But Mailfence does one better as well. It uses a private encryption key to perform encryption on your messages when at rest.

With a built-in Keystore feature, users can manage more than one encryption key pair. Not all users will require this feature, but it’s there for anyone who needs that extra level of security with end-to-end encrypted messages.

Mailfence has support for RSA and ECC, as well. With this type of encryption, users have to use a password to protect their email messages and then give that password to the person they want to communicate with.

Mailfence works on a zero-knowledge environment policy, which means it doesn’t know anything about your encryption keys or passwords. This type of password protection for email messages is known as symmetric encryption. It is useful in cases where the two users in question don’t know much about private-public encryption keys.

One other way Mailfence provides security for your messages is through digital signatures. Sign any OpenPGP message digitally with the private key, and you are all set. Once the receiver gets the message, Mailfence will compare the hash of the private encryption key of the message you sent with the message the receiver got. If they don’t match, it will void the message.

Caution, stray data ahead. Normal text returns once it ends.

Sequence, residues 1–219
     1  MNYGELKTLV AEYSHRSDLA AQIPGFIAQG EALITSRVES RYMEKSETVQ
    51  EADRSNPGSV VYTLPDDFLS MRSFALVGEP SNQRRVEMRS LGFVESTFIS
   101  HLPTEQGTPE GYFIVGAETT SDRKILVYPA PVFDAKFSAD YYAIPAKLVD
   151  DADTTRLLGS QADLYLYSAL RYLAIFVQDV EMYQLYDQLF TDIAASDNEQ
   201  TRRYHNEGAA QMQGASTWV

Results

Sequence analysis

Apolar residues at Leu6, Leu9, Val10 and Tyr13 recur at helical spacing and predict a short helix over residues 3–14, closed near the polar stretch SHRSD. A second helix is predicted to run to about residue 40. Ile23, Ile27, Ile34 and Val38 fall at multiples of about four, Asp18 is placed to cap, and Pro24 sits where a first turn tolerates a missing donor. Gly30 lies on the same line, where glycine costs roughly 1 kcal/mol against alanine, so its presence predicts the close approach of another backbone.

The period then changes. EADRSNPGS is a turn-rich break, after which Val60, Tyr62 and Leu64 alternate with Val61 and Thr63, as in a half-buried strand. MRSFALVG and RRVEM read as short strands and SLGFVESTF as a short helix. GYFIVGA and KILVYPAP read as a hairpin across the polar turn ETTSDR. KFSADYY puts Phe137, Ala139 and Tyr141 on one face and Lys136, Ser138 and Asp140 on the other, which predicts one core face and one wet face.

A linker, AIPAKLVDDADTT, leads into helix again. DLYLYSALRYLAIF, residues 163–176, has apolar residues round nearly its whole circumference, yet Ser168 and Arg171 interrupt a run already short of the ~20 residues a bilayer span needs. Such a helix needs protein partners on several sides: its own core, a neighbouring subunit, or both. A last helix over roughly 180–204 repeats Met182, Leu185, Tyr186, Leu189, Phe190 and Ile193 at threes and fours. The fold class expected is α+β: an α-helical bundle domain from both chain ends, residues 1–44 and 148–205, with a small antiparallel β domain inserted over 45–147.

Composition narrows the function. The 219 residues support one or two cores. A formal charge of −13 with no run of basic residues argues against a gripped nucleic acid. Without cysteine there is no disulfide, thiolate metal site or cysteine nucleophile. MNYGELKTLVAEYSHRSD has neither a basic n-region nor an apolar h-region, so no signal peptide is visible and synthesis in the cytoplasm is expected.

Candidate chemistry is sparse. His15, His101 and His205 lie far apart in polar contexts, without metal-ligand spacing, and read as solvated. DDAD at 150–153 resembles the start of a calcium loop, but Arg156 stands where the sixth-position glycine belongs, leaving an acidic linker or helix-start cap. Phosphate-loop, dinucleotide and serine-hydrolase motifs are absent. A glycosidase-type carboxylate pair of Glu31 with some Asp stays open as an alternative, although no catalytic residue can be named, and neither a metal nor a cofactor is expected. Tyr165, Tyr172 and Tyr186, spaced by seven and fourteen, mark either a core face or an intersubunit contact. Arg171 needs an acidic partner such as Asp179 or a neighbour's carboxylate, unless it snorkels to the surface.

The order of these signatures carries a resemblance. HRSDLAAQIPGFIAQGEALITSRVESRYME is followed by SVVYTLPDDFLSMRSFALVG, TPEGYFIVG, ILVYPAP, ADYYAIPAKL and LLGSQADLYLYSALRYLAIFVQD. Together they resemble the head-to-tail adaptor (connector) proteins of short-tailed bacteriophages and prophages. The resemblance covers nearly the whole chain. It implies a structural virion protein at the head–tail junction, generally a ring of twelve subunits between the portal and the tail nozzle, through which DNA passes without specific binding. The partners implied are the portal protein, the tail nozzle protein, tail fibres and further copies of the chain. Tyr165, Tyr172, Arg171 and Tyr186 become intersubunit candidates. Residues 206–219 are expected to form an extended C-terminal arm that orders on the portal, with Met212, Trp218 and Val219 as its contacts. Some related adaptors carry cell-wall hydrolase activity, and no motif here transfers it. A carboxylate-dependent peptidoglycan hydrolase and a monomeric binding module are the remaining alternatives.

There are other security protocols, as well. You can use the two-factor authentication support along with SSL/TLS encryption and perfect forward secrecy for all your messages that are moving from one place to another without even using OpenPGP. To protect against TLS downgrade attempts, Mailfence uses SMTP for messages you send out to others.

Mailfence vs Tutanota

Tutanota homepage

Unlike Gmail or Yahoo, Mailfence and Tutanota both target users who want more privacy when communicating with other people on the internet. Since there aren’t many services in this niche, Tutanota and Mailfence have become fierce competitors in the market for privacy-conscious email services.

Tutanota has a better reputation in the industry because of its work and the fact that it has desktop and mobile apps, while Mailfence does not. Mailfence also doesn’t offer full encryption since it doesn’t touch messages that users send/receive in plain-text. Tutanota provides full encryption even for messages that are at rest.